The problem was that because he’s so diligent, he didn’t want to say anything I hadn’t – so get-togethers were taking too long. We experimented with Paul Ince (below) and Massimo Paganin translating from English – but Massimo, a good player, is nothing like me as a person. Nothing like the same kind of passion came through.

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Giacinto said to me: “Look, this isn’t working. You’ll have to try and do it because you understand Italian.” Which, to be fair, I did. “Even if you get it wrong, and even if you don’t necessarily understand the words correctly, they’ll understand anyway.”

I was lucky that I had people around me who really did help, but everything was down to me and the fitness coach. That was very demanding, particularly with all of the pressure that exists at Inter – and at a time when, if anything, they were failing. Giovanni Trapattoni’s team had won the league in the late 1980s, but since then there had been a definite decline.

“I was determined not to just carry on with catenaccio”

Massimo Moratti’s father had owned the club during those great days. Massimo (below, right) had since become owner, and it was his dream to build it back up again – to do what his father had in making them the household name in the country.

He was very cultured. A very polite, courteous man. Classy and, most importantly, an enormous fan.

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He lives and breathes Inter more than anyone, but that can be a slight disadvantage – that passion could put him into contact with plenty of other people who told him what needed to be done when Giacinto or myself were saying something else.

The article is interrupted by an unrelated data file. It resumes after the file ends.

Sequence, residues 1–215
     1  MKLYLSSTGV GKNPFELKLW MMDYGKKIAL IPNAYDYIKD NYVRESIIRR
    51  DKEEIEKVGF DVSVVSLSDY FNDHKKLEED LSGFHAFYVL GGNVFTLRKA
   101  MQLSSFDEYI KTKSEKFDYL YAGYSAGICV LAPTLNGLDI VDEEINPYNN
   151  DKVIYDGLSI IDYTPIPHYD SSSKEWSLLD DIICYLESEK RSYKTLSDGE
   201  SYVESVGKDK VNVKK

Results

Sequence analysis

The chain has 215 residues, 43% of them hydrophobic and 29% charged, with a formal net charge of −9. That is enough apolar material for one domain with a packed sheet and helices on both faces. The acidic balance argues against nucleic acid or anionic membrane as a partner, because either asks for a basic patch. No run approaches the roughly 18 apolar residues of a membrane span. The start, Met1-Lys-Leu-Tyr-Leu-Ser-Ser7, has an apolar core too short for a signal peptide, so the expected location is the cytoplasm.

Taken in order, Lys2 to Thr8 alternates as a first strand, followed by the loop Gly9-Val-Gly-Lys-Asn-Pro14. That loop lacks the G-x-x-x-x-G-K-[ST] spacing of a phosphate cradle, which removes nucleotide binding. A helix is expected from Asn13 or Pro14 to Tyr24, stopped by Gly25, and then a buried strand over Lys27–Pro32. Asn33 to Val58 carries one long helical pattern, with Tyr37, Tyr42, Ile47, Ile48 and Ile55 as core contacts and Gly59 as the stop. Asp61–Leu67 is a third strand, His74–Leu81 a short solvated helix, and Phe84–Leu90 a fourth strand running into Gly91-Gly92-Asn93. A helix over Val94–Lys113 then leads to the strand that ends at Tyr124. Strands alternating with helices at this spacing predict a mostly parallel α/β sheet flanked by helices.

Working with him was very interesting, so I’m grateful for that time. He treated me well, and we certainly had a mutual respect, even if we didn’t go on to make Inter the all-singing, all-dancing club he wanted to.

I’d inherited a relatively modest squad. Roberto Carlos was there for the first season – he was a star, but a young one with Brazil Under-21s. Like Marco Branca, he had a God-given natural talent.

Javier Zanetti (below) became a big name, but he certainly wasn’t then. Paul Ince was the other big-name, foreign player, who had recently won the Premier League with Manchester United. We also had Gianluca Pagliuca in goal and Giuseppe Bergomi at the back.

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Javier wasn’t even signed to be the big player he became – he made himself into that. He had an incredible professionalism and desire to make the very best out of himself. Whatever his coaches or fitness coaches wanted him to do, he was going to show he could do it.

Bergomi was the same. It was about the quantity of their work, and their seriousness as professionals and about making sacrifices.

“Bergomi was happy if the ball was on the other side of the field and he was taking no part – as long as he had his man”

When I first arrived, I was concerned that that squad would be reluctant to adjust to my methods. I was determined not to just carry on with the unsuccessful, catenaccio method of defenders marking man-for-man, for example – something now seen as an old Italian throwback.

The Germans had also played that type of football, and succeeded. But I was determined that we weren’t going to do that.

Jon Enoch

We were going to play with a back four, where everyone was going to complement each other in the way that is taken for granted today, and with two forwards. I also didn’t necessarily want my wide midfielders to be wingers, but coming in off the line.

But I was coming to Italy after a period of, in many ways, enormous success. That included those last five years in Sweden, where our Malmo team had won the league each season, and nothing with Switzerland had dissuaded me about my ability to get teams to play like that. If I’d been particularly concerned, I’d have thought more carefully before accepting the position.

“You can have too many riches, and players who don’t complement each other or who want to do the same job”